Knockbridge - Mount Ash

The word 'motte' is derived from Middle English and Old French words 'moat' and 'mote', indicating a ditch, and a mound, hillock or castle, respectively. In modern archaeological parlance, however, it is confined to a distinctive type of military earthwork built by the Normans as they expanded their territories in northern Europe between the tenth and the thirteenth centuries. In its classic form, mottes comprise a generally circular, flat-topped earthen mound encircled at its base by a wide, deep fosse. Contiguous to it there is often a bailey, commonly a sub-rectangular or cresent-shaped enclosure defined by a bank and fosse (for further details, see O'Keeffe 2001, 16-22). The entrance to the monument is usually via the bailey which contained the main household and outbuildings. The motte itself functioned as a heavily fortified outpost, usually surmounted by a small wooden tower.

In Ireland, the construction of mottes appears to date to the initial phases of the Anglo-Norman colonisation in late twelfth and early years of the thirteenth centuries. This is reflected in their distribution which is concentrated in Leinster, north-east Munster and the eastern part of Ulster, and is notable for the almost complete absence of mottes from the west of Ireland (ibid.).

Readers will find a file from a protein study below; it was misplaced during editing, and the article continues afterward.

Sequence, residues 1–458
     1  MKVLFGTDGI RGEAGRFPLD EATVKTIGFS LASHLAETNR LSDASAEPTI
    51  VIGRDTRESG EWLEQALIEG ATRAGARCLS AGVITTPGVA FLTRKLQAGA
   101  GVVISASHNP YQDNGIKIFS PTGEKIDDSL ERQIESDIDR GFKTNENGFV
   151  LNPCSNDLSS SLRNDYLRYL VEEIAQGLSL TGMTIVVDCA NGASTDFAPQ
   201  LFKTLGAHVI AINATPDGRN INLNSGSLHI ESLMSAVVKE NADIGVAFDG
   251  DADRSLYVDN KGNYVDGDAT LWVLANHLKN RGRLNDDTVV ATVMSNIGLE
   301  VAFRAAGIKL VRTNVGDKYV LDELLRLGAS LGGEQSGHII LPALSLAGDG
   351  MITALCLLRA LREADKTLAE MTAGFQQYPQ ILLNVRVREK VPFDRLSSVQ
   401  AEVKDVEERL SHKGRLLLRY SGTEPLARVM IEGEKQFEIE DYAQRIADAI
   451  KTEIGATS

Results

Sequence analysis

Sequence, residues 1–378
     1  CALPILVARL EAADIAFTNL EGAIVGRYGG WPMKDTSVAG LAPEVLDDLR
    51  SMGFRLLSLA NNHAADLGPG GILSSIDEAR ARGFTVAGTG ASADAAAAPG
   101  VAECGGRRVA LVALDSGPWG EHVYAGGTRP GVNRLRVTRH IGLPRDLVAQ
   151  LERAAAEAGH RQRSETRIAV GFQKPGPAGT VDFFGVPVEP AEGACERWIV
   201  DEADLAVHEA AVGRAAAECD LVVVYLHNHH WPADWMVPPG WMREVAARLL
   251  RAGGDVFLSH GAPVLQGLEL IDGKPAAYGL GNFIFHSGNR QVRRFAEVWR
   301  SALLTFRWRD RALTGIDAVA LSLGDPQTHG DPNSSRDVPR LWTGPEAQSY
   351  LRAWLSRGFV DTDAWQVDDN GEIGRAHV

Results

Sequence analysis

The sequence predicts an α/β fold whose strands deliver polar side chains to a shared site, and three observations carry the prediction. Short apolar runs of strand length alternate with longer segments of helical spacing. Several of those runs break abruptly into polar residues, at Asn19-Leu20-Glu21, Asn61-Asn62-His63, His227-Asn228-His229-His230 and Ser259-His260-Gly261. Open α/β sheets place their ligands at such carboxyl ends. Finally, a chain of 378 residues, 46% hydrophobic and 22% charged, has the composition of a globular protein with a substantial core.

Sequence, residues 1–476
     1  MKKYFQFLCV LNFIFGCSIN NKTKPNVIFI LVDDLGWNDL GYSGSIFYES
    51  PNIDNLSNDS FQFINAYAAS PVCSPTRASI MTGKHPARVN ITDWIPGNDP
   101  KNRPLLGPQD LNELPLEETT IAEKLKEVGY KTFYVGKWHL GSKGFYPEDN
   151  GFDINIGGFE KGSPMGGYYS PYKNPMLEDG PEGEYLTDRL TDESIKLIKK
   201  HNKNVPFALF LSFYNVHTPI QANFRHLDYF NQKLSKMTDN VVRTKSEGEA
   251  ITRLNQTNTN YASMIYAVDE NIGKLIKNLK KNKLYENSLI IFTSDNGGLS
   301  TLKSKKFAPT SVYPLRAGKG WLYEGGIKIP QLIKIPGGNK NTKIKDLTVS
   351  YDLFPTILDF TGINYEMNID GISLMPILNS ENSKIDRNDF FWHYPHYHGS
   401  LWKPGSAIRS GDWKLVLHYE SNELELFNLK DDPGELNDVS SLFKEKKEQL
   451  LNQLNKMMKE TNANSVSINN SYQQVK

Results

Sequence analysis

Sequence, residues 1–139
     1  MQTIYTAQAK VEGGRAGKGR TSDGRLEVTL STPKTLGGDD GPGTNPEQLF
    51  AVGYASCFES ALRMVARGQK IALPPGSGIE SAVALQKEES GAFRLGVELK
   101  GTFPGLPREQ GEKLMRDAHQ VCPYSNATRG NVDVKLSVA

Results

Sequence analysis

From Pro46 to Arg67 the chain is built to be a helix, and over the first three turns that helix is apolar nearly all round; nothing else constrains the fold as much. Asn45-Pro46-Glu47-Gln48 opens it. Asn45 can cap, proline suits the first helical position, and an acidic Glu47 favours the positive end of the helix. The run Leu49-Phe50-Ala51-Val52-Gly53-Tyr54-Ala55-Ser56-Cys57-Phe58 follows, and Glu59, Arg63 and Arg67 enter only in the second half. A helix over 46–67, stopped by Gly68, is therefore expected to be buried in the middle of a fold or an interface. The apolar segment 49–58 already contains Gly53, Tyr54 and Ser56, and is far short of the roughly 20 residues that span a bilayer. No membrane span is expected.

Mottes are usually sited in strategic locations often commanding routeways and/or good quality land. Mount Ash is a fine example of such siting, commanding wide views from the summit of a low hillock across the rolling farmland of north Louth and east Monaghan. It was almost certainly built sometime in the last years of the 12th century by one of the Anglo-Norman knights who received grants of land in north Louth from Bertram de Verdon. Moreover, it was probably constructed by re-modeling an earlier ringfort. Though no visible evidence of any such ringfort survives, the site is known to contain two souterrains (For details on ringforts and souterrains in general, see under Annagassan-Lisnarran and Balriggan-Souterrain, respectively). These artifical caves , usually built of drystone, are a common feature in this part of Louth and are often associated with ringforts. When coupled with the commanding position of the Mount Ash, the presence of two souterrains suggests that this may have been an important residence of some local chieftain during the Early Medieval Period (AD 400-1200).

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